Over the past week, I have discussed California’s proposal to extend health insurance to all individuals. Today, I will examine—in my mind—a superior plan developed by former Republican Rep. Curt Gielow. According to a concept paper from the Wisconsin Health Plan website, the reforms will have the following impact:
“All eligible Wisconsin residents receive a âPremium Credit,â? which the participant uses to purchase health insurance from competing, qualifying health insurance plans. In addition, all adults (age 18-64) also receive a Health Savings Account (HSA), funded at $500 each year.”
Eligible residents include all individuals living in Wisconsin for six or more months except for those eligible for Medicaid (BadgerCare), government employees and those incarcerated. In comparison to the California proposal, this “The Wisconsin Health Plan” is truly a universal entitlement in that there is no means testing.
Having some form of health insurance is seen by many as an important goal for an equitable society. On the other hand, giving away free health care—which in essence defines full insurance—will lead to spiraling costs and overuse of medical services. I applaud the Wisconsin plan for attempting to use some market-based mechanisms to contain costs. The Tier 1 plans set a $1200 annual deductible, a 10%-20% coinsurance rate with an out-of-pocket maximum of $2000 per person or $3000 per family. The child benefit package is more generous with the same coinsurance rates but an annual deductible of $100 and a maximum out of pocket expense of $500. Tier 1 insurance is free to residents but those who wish to have more comprehensive insurance (which is subdivided into Tier 2 and Tier 3 coverage) can purchase this type of insurance at an increased premium level. It is wise to give consumers some choice in their insurance type; having the default coverage include higher deductibles and coinsurance rates will create more efficient medical care allocation.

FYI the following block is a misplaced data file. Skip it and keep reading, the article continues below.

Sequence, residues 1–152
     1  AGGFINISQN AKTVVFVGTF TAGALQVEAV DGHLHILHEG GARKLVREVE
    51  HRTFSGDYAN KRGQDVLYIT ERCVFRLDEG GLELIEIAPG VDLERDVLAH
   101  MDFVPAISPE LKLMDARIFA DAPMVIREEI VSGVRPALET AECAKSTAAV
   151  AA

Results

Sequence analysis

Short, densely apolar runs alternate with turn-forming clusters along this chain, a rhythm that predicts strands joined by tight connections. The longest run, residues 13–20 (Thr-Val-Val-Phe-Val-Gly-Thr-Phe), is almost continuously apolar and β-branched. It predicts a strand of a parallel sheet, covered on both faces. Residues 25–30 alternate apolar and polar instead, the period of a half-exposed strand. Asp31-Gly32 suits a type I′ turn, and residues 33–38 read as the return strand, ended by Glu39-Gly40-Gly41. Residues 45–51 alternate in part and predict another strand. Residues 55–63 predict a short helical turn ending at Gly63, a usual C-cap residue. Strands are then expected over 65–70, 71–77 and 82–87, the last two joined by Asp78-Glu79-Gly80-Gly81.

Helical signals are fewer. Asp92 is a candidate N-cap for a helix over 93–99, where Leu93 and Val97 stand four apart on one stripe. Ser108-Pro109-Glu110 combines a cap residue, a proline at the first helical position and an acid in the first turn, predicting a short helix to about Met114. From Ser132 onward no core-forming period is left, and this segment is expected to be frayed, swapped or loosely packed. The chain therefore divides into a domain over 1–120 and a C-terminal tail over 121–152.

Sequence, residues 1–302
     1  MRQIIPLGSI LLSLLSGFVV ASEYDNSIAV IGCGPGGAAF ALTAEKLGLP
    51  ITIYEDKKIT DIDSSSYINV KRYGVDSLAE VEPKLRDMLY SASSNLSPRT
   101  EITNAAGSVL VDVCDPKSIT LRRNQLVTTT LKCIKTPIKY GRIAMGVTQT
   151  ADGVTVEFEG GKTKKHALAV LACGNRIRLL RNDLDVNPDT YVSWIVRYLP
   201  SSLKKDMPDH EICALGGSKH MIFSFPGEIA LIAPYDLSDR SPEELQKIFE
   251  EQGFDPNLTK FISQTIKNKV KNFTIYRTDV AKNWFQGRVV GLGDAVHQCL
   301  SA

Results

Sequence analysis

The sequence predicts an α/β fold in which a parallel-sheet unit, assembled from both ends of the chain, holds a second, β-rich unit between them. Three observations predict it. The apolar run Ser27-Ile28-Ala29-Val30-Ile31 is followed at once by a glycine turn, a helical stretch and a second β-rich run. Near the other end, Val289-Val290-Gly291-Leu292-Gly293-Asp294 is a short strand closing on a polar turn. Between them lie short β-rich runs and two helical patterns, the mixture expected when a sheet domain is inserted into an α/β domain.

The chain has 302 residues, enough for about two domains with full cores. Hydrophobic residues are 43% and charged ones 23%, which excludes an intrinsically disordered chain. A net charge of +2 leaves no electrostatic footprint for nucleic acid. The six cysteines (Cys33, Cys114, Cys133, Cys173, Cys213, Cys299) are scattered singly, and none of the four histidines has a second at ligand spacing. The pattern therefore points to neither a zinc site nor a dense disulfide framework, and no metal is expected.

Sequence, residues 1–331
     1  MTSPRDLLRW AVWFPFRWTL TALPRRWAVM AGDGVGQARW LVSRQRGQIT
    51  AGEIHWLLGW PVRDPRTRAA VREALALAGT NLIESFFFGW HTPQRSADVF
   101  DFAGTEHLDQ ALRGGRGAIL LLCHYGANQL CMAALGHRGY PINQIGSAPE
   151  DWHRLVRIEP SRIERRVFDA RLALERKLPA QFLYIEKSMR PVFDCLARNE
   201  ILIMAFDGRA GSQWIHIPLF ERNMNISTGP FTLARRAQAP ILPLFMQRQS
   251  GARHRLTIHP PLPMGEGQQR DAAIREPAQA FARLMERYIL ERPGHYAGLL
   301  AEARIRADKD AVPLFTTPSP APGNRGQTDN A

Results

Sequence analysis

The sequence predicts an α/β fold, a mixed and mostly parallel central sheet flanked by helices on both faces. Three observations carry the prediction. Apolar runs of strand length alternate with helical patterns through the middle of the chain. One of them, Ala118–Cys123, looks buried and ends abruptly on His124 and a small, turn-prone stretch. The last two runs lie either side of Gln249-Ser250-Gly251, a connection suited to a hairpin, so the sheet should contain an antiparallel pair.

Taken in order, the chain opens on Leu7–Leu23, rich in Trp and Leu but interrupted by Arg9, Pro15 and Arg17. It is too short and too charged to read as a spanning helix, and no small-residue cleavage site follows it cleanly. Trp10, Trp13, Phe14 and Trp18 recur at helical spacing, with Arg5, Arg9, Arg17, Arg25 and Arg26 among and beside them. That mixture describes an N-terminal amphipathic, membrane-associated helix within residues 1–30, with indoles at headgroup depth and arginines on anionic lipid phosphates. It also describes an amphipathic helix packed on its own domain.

The Milwaukee Journal Sentinel also reports (“Big, Bold Plan?“) regarding another of the plan’s purported cost saving innovations:
“The Wisconsin plan would wisely make use of market-based incentives to control rising health care costs and save money. This would be accomplished by putting everyone in a state health insurance purchasing pool, patterned after the successful pool that already exists for state employees…Due to the sheer number of people in the plan, the pool would seemingly have the purchasing clout to convince health care providers and insurers to bid to provide high-quality care at competitive prices.”
‘Wisely’ is not the word I would use. The single payer system will reduce prices in the short run, but without competition between plans, hospitals and doctors will face a monopsony. This will likely decrease prices in the short-run but reduce the quantity and/or quality of services provided in the long run. The true value of a service will be unknown in a single buyer system and thus over-purchasing of inessential services and under-purchasing of more valuable—especially newer, more innovative—medical services will occur.
Critics assail the plan’s high cost and the increased payroll taxes as major obstacles to the plan. A study by M. Scott Niederjohn and Mark C. Schug claim that “payroll taxes assessed on Wisconsin businesses and employees would need to be more than 17% instead of the proposed nearly 13%.” Also, the plan states that “Any insurer (for example, HMOs, PPOs, or indemnity carriers) licensed to sell health insurance in Wisconsin — and that meets specified financial, coverage area, and disclosure standards — is qualified to compete to provide insurance coverage.” If the state, and not the insurers, is the entity negotiating prices and services with providers, then insurer competition will become very minimal.
I applaud the Wisconsin Plan, especially for allowing some consumer choice, for forcing consumers to face some of the cost of their medical services through coinsurance and deductible payments, and by making the program universal. The regulatory tiers should not be necessary; a simple minimal level of coverage would suffice with households paying extra for any type of insurance they required. I do not believe that the single-payer system proposed by the state will be cost-saving in the long-run. While the Wisconsin Plan is not optimal, it is a major step forward towards providing health care for all residents in a (relatively) affordable and efficient manner.